I was going to post this in the backdoor thread, but as I can't understand the jargon there, I could be corrupting it, so I'm startng a new thread just in case it promotes any discussion.

My view is that strategically we may say we don't make assumptions when choosing our point of attack, but tactically they must be made in order to follow the various implications and I'm far more interested in the tactical ones.

As Ruud pointed out 7 or 8 years ago we consider the reduced candidate lists in a Sudoku grid to be established 'Sudoku truths' which can be freely used without being accused of making an assumption. We do this without thinking, but just try solving puzzles without the pencil marks to discover the implications.

Taking an individual candidate in a candidate list as being true is splitting off a case for examination, commonly called making an assumption or guessing.

The process of following the implications of that case must now alternately consider the candidates that would be made false an odd number of inferences away and true an even number of inferences away. This involves having to use alternating strong and weak inferences, which automatically makes the implication chain segments stemming from the start node bi-directional.

In tracking an implication chain as a new end case is found the previous case is forgotten. At any time therefore there are only two active cases, one at each end, available for comparison in an un-branched chain. Otherwise each branch followed adds an active case which is dropped when the branches converge. Similarly each remembered case also increments the active case count until it is used.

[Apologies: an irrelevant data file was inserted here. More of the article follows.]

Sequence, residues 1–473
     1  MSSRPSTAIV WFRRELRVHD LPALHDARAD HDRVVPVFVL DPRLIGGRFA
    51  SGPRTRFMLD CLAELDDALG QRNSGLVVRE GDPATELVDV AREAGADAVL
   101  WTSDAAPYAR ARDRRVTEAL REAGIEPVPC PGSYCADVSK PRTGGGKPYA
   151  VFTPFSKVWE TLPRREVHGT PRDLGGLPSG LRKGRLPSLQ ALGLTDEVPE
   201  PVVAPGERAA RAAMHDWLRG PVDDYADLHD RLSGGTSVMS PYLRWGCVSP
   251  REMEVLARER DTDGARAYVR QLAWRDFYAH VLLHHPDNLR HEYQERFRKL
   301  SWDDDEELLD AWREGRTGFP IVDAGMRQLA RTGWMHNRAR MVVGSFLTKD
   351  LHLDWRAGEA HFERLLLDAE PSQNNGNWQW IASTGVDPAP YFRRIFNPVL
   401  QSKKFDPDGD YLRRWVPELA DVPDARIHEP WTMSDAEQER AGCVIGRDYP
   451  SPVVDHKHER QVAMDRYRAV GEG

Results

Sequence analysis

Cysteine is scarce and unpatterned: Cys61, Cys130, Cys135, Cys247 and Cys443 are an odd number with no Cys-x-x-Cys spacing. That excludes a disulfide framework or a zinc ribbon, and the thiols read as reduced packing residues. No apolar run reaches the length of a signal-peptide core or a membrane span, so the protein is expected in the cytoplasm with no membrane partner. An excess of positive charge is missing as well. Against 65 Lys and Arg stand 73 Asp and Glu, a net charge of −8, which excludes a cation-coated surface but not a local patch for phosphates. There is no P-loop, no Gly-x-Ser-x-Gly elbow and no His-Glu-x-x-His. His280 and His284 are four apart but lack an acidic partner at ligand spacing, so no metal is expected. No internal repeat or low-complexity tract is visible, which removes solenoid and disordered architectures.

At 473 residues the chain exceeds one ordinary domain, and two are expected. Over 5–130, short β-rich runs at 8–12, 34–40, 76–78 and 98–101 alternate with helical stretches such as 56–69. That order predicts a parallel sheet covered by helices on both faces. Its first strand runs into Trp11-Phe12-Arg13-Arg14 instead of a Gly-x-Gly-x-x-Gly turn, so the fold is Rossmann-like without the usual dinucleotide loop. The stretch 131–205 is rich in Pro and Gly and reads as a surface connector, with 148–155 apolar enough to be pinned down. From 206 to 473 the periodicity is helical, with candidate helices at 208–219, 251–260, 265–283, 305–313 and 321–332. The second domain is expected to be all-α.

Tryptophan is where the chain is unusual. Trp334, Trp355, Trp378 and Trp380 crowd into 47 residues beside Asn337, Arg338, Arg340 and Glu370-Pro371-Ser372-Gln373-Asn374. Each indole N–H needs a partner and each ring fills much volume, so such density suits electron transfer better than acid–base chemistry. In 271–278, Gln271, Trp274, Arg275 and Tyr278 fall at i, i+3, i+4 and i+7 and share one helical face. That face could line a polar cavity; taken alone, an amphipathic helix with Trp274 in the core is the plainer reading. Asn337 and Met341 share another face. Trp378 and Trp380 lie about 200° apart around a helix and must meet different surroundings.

For chain and net methods active case counts provide a relatively simple means of 'costing' them. As I'm only interested in methods that are within the scope of a human solver (perhaps with a helper program) this is the basis I intuitively use to decide but how tactically assumptive, and therefore complex, it is.

There is one rider however. A derived inference exists when a relationship between two remote candidates can be shown. Once one has been proved, it shouldn't be necessary to re-prove it every time it's used. Consequently it should be possible to optionally use a solution step to register a derived inference as a Sudoku truth together with its active case cost.

Using known Cover Sets and Uniqueness patterns presents problems for working out the active case counts, but my rough and ready rule is to use the minimum number of houses needed to contain the pattern. When a pattern is embedded in a chain, 2 should be deducted to allow for the overlaps.